Vet costs: Paying by the pound Let your furry buddy get fat, and watch your bank account get thin
VETERINARIANS perform similar and often identical procedures to those of doctors, but at a fraction of the cost of human medicine. Yet, I realize that pointing out that the $3,000 procedure that will save a pet's life would be 10 times that cost in human medicine doesn't help a bit if you don't have one-tenth of that amount available anyway.
I can't fix that situation, and neither can the veterinarians I know. They have to pay all the costs of doing business, and they've struggled to get by right along with everyone else as the economy has staggered along. Pet health insurance can help, as can third-party credit plans - and I recommend looking into them both before you're faced with hard decisions.
But what frustrates me - and so many veterinarians I know - is the way that so many pet lovers overlook, downplay or completely ignore the No. 1 thing that will keep their pets healthier, longer-lived and out of veterinary offices. Even more astonishing, this not-so-secret way to save money on veterinary care can be absolutely free. What is it? Take excess weight off your pet.
More than half of all pets in the United States are overweight - many of them desperately so. Veterinarians say that we have gotten so used to seeing fat pets that we have come to think it's normal. If you cannot see a tuck in (from above) or up (from the side) behind your pet's rib cage, and cannot see just a hint of rib under a little bit of padding, your pet is fat.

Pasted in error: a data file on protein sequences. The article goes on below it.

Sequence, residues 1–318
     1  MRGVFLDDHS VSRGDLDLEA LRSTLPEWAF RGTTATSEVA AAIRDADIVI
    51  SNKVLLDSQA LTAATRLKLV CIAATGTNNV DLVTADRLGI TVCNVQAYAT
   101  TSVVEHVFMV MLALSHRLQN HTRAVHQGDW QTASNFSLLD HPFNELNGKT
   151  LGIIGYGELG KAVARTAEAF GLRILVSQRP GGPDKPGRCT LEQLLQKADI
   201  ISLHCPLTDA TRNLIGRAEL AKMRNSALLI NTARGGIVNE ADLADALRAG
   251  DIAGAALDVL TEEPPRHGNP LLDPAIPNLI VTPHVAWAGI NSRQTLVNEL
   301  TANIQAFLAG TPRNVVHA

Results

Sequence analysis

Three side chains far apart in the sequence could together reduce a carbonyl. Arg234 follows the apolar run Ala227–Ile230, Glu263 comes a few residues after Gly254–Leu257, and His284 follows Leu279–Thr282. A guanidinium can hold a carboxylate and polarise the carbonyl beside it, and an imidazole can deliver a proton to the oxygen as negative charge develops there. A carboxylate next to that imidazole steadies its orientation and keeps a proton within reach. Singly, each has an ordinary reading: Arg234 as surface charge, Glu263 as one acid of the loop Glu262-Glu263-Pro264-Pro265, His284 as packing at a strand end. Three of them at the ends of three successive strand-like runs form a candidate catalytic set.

Pets cannot feed themselves, and they cannot overeat unless you overfeed them. Even if you and your pets lead sedentary lives, you can adjust your pets' daily portions accordingly. They'll even learn to stop begging if you stop rewarding that behavior.
Slow, steady weight loss is what you're going for, especially for cats. That's because crash diets in fat cats can trigger a deadly condition known as "fatty liver disease." If you're free-feeding, stop, and if you're not measuring, start. You can buy a "diet" food or you can reduce portions and add "empty" bulk to the kibble you already use by adding green beans or pumpkin to smaller amounts. Wet food is another good strategy, since the water content makes pets feel more full. Your veterinarian can tailor a weight-loss plan, or you can use an app such as my friend Dr. Patty Khuly's "The Fat Dog Diet" (free from thefatdogdiet.com). (Pet food labels are often notoriously generous with their recommended portions.)
Do what you can, but do something, please. Here's my bottom line: If you have an obese pet, you have no business complaining about the costs of treating conditions caused by or made worse by your pet's weight.
Pet Connection is produced by a team of pet care experts headed by "Good Morning America" and "The Dr. Oz Show" veterinarian Dr. Marty Becker and award-winning journalist Gina Spadafori. The two are affiliated with Vetstreet.com and also the authors of many best-selling pet care books. Dr. Becker can also be found at Facebook.com/DrMartyBecker or on Twitter at DrMartyBecker.